The majority of the $2.68 million The Post documented was spent since 2013 at Southwest Auction Service, the biggest commercial dog auction in the country, with some additional spending at its smaller, only remaining competitor, Heartland Sales.

As the last remaining government-licensed auctions, they let buyers and sellers see hundreds of dogs at a time and are a legal part of the country’s puppy supply chain. They are regulated by the U.S. and Missouri Departments of Agriculture and open to the public.

“I’m not going to lie about this: Rescue generates about one-third, maybe even 40 percent of our income,” Bob Hughes, Southwest’s owner, told the Post. “It’s been big for 10 years.”

“I honestly think there are very good, responsible rescues that just love the dogs and want to get them out of the breeding industry,” he added. “And I think there are malicious, lying, cheating rescues that are in it for the money and the glory and the funding.”

Rescue groups generally are organized as nonprofit charities and raise money through fundraisers, adoption fees, grants and bequests. Shelters and rescue groups connected to the auction bidders have annual revenue that runs from $12,000 to $1.5 million.

Hughes told the Post that what happens at auctions shows that nobody has the moral high ground in America’s puppy wars.

“In their minds, the rescuers think they’re better,” he says. “The industry is all alike. We’re all supplying puppies and dogs to the general public in some form or fashion.”

(Photo: Dogs being sold at an auction in Michigan))

Perfectly imperfect: Picasso the dog honored for showing what beauty really is

Picasso, the rescued dog with a twisted snout, was honored by the Oregon Humane Society for showing the world how perfect one with an imperfection can be.

At a ceremony In Portland last week, the 2-year-old pit bull-Chihuahua-Pomeranian mix received a Diamond Collar Hero Award.

The awards honor animals and people who have acted to save a human or animal life in peril, performed services within the community with undying loyalty, or overcome incredible odds in order to survive.

Picasso and his brother were picked up as strays in southern California. They were on the list to be euthanized when Liesl Wilhardt, the founder and executive director of Luvable Dog Rescue, pulled them out and brought them to Eugene last year.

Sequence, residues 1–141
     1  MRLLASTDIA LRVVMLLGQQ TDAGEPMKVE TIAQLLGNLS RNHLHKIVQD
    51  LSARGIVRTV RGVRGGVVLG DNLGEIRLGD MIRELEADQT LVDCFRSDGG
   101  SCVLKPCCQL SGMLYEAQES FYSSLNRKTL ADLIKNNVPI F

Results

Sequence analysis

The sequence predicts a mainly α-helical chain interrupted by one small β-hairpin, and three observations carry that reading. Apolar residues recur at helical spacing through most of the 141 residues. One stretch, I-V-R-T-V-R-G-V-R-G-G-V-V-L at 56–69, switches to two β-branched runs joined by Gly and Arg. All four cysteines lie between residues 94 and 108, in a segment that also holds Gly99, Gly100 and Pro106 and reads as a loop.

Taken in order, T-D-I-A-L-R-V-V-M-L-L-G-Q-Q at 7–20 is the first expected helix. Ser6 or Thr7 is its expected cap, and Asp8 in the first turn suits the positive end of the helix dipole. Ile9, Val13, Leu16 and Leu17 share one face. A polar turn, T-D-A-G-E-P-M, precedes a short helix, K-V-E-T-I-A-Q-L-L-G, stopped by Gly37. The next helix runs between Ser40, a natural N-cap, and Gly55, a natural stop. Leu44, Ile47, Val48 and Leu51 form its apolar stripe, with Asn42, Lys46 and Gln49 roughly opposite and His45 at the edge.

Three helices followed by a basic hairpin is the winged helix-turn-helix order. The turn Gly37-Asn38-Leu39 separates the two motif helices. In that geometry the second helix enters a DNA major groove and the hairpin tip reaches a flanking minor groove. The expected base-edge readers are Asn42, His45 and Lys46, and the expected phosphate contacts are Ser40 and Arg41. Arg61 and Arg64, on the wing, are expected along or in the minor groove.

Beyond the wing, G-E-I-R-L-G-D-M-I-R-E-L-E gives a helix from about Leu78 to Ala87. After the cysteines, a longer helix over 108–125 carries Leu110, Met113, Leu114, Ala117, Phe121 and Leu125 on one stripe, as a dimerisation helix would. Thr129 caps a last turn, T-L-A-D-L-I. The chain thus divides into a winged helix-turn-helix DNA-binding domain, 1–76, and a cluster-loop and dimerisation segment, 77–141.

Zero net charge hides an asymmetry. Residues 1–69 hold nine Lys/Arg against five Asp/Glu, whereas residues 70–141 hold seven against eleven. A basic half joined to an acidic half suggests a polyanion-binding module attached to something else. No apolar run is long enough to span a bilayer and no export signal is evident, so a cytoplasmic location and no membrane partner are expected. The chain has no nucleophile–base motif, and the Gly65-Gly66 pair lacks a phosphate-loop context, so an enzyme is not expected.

She later decided to keep both as her own, unwilling to let them be separated because of Picasso’s devotion to his brother.

picasso11Picasso and Pablo quickly became part of her extended dog family, and Picasso became an Internet sensation as well — both for his story of survival and his unique appearance.

“Picasso has overcome challenges that most dogs don’t ever have to, from surviving an assaulter to living on the streets. And he’s done it all with courage and grace,” Wilhardt says. “Picasso’s personality and temperament is just loving and accepting to all living things, despite what he’s suffered in the past.”

Pablo died in October from a brain aneurysm, according to the Eugene Register-Guard. Picasso, unlike his brother, was born with his facial deformity.

Picasso is now in training to become a therapy dog, but he has already touched many lives

“He really does touch people, especially those who look a little different like him,” Wilhardt said. “Whether they were born different or had an illness or accident that led them to looking different, he’s helped and inspired so many people.”

Those offering him praise and thanks include soldiers with disfiguring wounds and children coming to terms with looking different.

Picasso also has been nominated for a 2018 American Humane Hero Dog Award, an annual nationwide competition that searches out and recognizes “America’s Hero Dogs.”

People can see the nominees and vote for an American Humane Hero Dog Award at herodogawards.org/vote.